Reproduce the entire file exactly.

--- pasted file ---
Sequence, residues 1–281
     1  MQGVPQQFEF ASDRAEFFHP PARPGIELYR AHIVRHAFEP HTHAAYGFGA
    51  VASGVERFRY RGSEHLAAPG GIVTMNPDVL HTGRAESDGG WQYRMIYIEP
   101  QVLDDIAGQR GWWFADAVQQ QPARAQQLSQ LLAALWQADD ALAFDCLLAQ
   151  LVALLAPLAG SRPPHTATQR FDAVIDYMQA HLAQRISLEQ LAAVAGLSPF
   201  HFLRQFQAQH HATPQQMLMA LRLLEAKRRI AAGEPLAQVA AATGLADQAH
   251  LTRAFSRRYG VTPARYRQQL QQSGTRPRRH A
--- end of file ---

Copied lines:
Sequence, residues 1–281
     1  MQGVPQQFEF ASDRAEFFHP PARPGIELYR AHIVRHAFEP HTHAAYGFGA
    51  VASGVERFRY RGSEHLAAPG GIVTMNPDVL HTGRAESDGG WQYRMIYIEP
   101  QVLDDIAGQR GWWFADAVQQ QPARAQQLSQ LLAALWQADD ALAFDCLLAQ
   151  LVALLAPLAG SRPPHTATQR FDAVIDYMQA HLAQRISLEQ LAAVAGLSPF
   201  HFLRQFQAQH HATPQQMLMA LRLLEAKRRI AAGEPLAQVA AATGLADQAH
   251  LTRAFSRRYG VTPARYRQQL QQSGTRPRRH A